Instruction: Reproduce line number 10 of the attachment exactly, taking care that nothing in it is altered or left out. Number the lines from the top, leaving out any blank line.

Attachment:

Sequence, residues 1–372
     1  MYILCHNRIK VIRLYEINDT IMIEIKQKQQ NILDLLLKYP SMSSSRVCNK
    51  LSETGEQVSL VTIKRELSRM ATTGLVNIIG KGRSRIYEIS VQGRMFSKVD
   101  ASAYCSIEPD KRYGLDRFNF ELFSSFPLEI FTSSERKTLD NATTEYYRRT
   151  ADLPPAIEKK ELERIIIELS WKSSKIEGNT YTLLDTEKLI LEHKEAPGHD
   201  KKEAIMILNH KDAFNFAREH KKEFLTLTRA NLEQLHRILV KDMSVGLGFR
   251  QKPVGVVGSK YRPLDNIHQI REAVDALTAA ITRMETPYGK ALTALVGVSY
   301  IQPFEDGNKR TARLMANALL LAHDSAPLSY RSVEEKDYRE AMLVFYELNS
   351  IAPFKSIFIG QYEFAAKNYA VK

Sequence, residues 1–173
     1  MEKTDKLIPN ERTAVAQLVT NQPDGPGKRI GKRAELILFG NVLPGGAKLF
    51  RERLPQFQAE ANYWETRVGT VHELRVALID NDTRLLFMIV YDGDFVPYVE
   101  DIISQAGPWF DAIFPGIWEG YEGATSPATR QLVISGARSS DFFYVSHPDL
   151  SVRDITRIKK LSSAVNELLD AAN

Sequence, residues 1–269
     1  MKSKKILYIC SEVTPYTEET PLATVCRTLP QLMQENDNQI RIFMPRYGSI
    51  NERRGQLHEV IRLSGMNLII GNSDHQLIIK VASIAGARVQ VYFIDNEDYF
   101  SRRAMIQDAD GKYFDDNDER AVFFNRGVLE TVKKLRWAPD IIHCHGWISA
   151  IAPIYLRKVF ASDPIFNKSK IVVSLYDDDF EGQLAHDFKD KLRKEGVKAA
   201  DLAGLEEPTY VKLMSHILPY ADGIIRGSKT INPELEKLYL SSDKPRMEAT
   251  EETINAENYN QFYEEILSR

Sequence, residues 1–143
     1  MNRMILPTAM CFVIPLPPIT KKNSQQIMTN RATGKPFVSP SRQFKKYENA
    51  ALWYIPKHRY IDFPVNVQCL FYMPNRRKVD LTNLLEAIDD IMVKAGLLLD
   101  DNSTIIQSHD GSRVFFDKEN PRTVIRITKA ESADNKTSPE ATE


Sequence, residues 1–173